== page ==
TULSA, Okla. — A former inmate from Eddie Warrior Correctional Facility is worried for her friends who are still in the prison during the pandemic.
Sharra Savage said it was bitter-sweet to leave the prison two weeks ago. She’s happy to be out, but she’s also concerned for the health and safety of her friends; many of them, she claims, were battling COVID-19 the day she left.
“It was really hard for me to leave,” Savage said.
More than 400 inmates at Eddie Warrior Correctional Facility have recovered from COVID-19 since the outbreak began and more than 300 inmates are still battling the virus.
“The mental health of all of us was pretty bad because we didn’t know what was going on,” Savage said. At the time, Savage was among 150 other inmates in an open-style dorm with bunk-beds stacked next to each other.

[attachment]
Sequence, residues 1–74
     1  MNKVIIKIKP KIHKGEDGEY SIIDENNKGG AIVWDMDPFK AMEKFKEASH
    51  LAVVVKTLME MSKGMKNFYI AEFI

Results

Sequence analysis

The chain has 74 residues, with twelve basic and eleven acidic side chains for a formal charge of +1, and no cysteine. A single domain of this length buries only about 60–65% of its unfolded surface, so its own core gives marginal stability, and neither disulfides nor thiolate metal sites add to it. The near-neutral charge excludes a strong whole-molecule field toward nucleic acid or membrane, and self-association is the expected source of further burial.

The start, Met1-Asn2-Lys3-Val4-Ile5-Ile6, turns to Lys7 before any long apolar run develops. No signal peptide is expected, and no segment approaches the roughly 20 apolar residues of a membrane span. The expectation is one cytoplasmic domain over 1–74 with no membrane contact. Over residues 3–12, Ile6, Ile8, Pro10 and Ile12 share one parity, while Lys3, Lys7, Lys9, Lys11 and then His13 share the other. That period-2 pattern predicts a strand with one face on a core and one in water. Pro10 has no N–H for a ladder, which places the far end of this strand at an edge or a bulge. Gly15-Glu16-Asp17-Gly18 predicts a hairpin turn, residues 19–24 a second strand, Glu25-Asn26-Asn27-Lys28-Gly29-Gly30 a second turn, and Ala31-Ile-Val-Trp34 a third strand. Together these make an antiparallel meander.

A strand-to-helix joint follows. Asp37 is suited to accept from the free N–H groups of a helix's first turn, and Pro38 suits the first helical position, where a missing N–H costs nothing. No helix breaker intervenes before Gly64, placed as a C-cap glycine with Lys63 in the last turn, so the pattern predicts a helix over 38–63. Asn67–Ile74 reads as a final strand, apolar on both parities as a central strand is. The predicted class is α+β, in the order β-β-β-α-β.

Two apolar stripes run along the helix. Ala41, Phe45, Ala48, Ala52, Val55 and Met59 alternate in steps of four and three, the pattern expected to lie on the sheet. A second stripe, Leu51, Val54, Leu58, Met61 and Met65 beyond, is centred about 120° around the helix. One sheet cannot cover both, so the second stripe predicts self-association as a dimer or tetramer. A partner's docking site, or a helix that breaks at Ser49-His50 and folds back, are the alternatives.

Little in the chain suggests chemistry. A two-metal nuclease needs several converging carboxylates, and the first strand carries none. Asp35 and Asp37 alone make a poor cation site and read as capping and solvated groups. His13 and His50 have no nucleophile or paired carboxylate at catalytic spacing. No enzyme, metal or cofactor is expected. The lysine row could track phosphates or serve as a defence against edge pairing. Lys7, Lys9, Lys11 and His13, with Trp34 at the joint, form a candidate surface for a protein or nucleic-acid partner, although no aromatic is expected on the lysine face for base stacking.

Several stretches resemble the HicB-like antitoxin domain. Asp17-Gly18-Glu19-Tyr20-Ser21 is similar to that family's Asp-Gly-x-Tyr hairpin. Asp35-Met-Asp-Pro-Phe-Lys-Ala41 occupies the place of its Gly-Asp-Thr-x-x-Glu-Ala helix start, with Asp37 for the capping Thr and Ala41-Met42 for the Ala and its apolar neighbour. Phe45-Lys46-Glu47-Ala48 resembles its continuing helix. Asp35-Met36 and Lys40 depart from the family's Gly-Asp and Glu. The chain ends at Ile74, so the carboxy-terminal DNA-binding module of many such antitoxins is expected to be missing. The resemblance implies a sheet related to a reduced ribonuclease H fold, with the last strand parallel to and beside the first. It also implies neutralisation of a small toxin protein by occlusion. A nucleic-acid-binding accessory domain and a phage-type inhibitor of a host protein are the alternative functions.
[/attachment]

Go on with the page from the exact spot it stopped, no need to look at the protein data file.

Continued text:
“Six weeks before I was released, we all started getting sick,” Savage said.
Nancy Dalquest, a friend of an inmate within the prison, said she's concerned with inmates living in such close quarters.
“When she called, after they moved her in the middle of the night into a room with 155 other women, she assumed all infected, she was scared,” Dalquest said.
Department of Corrections officials said the situation is complex because it’s hard to social distance in a prison environment. In a news conference Tuesday they said the lives of the inmates are top priority.
“This is extremely important. A positive case makes me sick but an inmate’s death makes me even sicker,” director for Department of Corrections, Scott Crow said.
There are now 1,389 inmates COVID-19, 98% of them are asymptomatic. The Department of Corrections reported nine inmate deaths and three staff deaths from COVID-19 complications.
Meanwhile, Savage said she hopes the prison can increase medical staff.
“I hope people are getting better there because its bad, it’s really bad there,” she said.
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